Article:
Can Great Strategy Help Integrate DHS?

Can Great Strategy Help Integrate DHS?

Why is this so hard?  DHS has many different missions, many agencies with different regional presences, diverse missions, and demanding stakeholders with their own mission priorities. The Government Accountability Office (GAO) originally designated the implementation and transformation of DHS as “high risk”. Challenges in Workforce Engagement, Acquisition, and Financial Management remain a priority. DHS senior leaders have collaborated to tackle the issues of strategy, resource allocation, capability requirements, operational planning, joint operations, and headquarters organizational design, and including DHS employees in these projects to increase transparency.

The collaboration and coordination of the leadership of the agencies – with focus on the workforce, mission alignment, and an integrated and transparent budget process – is strong and sustainable. The next administration must continue the existing governance structure and focus efforts on a clearer strategy, with strong measures to track and report success and areas of focus.

Transition must not just focus on learning and operational continuity. It must prioritize strategy from the beginning – with a clear framework to measure strategy implementation.

If DHS continues to invest in its workforce and provides them with the resources they need to implement strategic initiatives, it can attract the workforce of the future, and inspire them to achieve the next level of mission performance.

Nearly 14 years after the Department of Homeland Security (DHS) brought together 22 distinct organizations and functions with different but related missions into one organization, it can reflect back at the successes and continued challenges. As each new DHS leader embarked on reviewing the progress, recognizing accomplishments, and setting priorities, DHS has become more integrated and more efficient.

As the next secretary takes the reigns, a clear strategy followed by excellent execution is critical to inspire its workforce, integrate efforts, and make critical leaps in mission outcomes.

A compelling strategy at the departmental level can cascade to the agencies and headquarters functions, allowing leaders of these organizations to establish flow down strategies. Integrated execution of these strategies, sponsored at the top of the department and each key agency, should be a top priority to achieve a unified effort.

Blog Homeland Security

Contributors

Helen Smith |

Helen Smith is a Senior Associate at Arc Aspicio and has 5 years of experience at the Transportation Security Administration (TSA) and Immigrations and Customs Enforcement (ICE) in the Department of Homeland Security. She holds a B.A. in International Affairs and French Language from the University of Colorado.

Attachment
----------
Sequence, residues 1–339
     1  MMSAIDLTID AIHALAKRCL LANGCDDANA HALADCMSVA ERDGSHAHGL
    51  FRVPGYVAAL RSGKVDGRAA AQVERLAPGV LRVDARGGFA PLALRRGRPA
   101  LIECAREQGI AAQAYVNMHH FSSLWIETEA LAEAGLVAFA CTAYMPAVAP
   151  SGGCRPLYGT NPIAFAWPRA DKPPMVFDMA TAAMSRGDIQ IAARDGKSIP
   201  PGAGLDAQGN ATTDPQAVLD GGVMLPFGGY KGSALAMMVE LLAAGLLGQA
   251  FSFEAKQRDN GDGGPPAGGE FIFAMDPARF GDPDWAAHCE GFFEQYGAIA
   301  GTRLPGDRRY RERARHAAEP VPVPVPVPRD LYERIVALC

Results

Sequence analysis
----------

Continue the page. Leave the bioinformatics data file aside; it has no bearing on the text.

Confessions of a Chief Strategy Officer

Confessions of a Chief Strategy Officer

I’ll admit it, I was a little smug. After more than 20 years in the consulting business helping clients develop, implement, and integrate their strategies, I thought… “how hard could it be to do the same things for my own company – a company of consultants?” I had the commitment of my leadership, a group of talented people, and a plan and resources to grow the company. We had energy and we had a great process and tools to successful. What could go wrong?

Exploring Trends in Strategic Workforce Planning (Attract, Engage, and Retain)

Exploring Trends in Strategic Workforce Planning (Attract, Engage, and Retain)

Federal agencies have been undergoing significant transformation, requiring effective workforce strategies that can assist them in facing increasing challenges. As government leaders look for and implement initiatives to improve performance, Strategic Workforce Planning, (SWP) has become instrumental in assisting organizations to focus on their most important resource: their people

#Innovate Your Heart Out: We See an Innovation Day in Your Future

#Innovate Your Heart Out: We See an Innovation Day in Your Future

Innovation is difficult to harness for organizations of all sizes (Government and private sector alike). Replicating a process to encourage and produce innovation is even more challenging. Innovating in a structured space and time seems counter-intuitive, and begs the question: can thinking outside the box be a structured activity? Arc Aspicio recently held an Innovation Day to answer this question.

A Unified Brand Helps Serve a Complex Mission

A Unified Brand Helps Serve a Complex Mission

The Department of Homeland Security (DHS), created in 2003, undertook the most significant reorganization of federal agencies since the Cold War. It brought together federal, state, local, tribal, and territorial agencies with a focus on securing the U.S. from threats in a collaborative way. DHS pulls together five complex mission areas: preventing terrorism and enhancing security; managing our borders; administering immigration laws; securing cyberspace; and ensuring disaster resilience.

Towards Preparedness and an Emergency Management Workforce of the Future

Towards Preparedness and an Emergency Management Workforce of the Future

Grit and determination. This is what the Federal Emergency Management Agency (FEMA) workforce is known for. After what is arguably the most challenging year in its history, the FEMA leadership called on the agency to enable the workforce through four elements: build, empower, sustain, and train. A key factor in creating a scalable, sustainable disaster response workforce is to foster a proactive culture, one focused on preparedness. A proactive mindset can create an environment that asks the “what if” questions that lead to more prepared response efforts.